The Disaster Artist Review

A feature film about the making of a cult movie (in this case, a horrible movie) has a unique challenge: How do you honor the movie’s cult status, while also being honest about it? “The Disaster Artist” tries to straddle being a comedic homage to the making of “The Room,” one of the most infamous so-bad-it’s-good movies while also trying to tell the deeper story beneath it.

James Franco directs, but its his leading performance as the enigmatic “The Room” writer/director/producer/star Tommy Wiseau that carries his movie. He has never lost himself so much in a role as he does here. While the film sometimes struggles to be an entertaining comedy and also a deep look at the who, why and how behind the film, Franco never fails to keep us fascinated with his character as well as reveal the fragile soul wrapped in this cloak of unbridled childishness, cocksureness and social awkwardness.

In many ways, “The Disaster Artist” is also a bromance between Wiseau and Greg Sestero (Dave Franco), a young aspiring actor whose account of meeting Wiseau and making the film formed the book upon which Scott Neustadter and Michael H. Weber based their screenplay. Both Tommy and Greg are dreamers subconsciously using each other in pursuit of stardom. Greg provides Tommy with companionship and Tommy, with his mysterious cash flow, supports Greg and eventually gives him an opportunity to make this film with him.

One would expect the making of “The Room” scenes to be most interesting, and to fans or those familiar enough with the movie, they absolutely are. On the other hand, that’s also when the script, and Franco as a director, start to lose the heart of the story in favor of committing to this behind-the-scenes homage full of name actors playing all the actors who starred in “The Room.” Even as this homage, the script feels indebted to highlighting all the films most iconic “WTF” moments and offering some commentary on them.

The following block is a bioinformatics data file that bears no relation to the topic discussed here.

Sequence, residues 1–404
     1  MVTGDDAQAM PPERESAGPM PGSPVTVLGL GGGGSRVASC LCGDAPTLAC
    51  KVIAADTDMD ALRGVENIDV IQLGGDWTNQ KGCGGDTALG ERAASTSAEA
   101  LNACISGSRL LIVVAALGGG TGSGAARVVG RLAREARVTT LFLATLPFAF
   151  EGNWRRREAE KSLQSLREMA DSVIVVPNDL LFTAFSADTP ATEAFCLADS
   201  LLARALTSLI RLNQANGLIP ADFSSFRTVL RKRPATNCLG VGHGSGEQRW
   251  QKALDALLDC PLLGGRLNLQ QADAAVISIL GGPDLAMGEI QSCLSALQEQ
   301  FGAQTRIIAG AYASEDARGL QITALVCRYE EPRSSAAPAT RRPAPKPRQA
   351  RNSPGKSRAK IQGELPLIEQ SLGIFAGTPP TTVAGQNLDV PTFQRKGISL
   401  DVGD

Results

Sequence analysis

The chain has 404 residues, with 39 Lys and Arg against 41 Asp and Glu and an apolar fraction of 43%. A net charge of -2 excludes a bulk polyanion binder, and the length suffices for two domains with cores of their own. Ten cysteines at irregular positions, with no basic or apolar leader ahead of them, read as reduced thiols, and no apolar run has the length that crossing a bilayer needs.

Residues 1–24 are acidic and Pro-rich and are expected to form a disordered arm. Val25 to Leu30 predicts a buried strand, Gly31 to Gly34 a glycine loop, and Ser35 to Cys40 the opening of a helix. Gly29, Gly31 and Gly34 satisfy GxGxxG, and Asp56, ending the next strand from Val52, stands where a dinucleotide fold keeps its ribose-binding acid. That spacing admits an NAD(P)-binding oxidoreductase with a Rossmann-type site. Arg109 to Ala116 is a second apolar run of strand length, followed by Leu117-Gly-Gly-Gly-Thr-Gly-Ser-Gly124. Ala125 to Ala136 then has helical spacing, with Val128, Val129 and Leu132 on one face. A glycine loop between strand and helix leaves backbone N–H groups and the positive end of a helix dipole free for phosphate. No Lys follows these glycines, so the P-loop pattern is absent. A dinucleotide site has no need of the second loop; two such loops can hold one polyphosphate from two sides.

All of this isn’t so problematic as much as it misses the opportunity to say something about art of the so-bad-it’s-good variety. “The Disaster Artist” does, however, have something to say about the people that make that art. The film works best as an entertaining and intriguing character study, reminding us that art and beauty is in the eye of the creator (and whoever has the money/influence). It’s not a cathartic realization, as the end of the film chooses to simply remind us that the film was/is a trainwreck that somehow people loved to laugh at, turning it into a phenomenon.

“The Disaster Artist” is primarily a comedy about a cult film that will probably be best enjoyed by those who have seen “The Room” and will appreciate the detail “The Disaster Artist” puts into recreating it, skewering it and celebrating it.


3.5/5 Stars


The Disaster Artist
Directed by James Franco
Written by Scott Neustadter & Michael H. Weber, Greg Sestero & Tom Bissell (book)
Starring: James Franco, Dave Franco, Alison Brie, Arie Graynor, Seth Rogen


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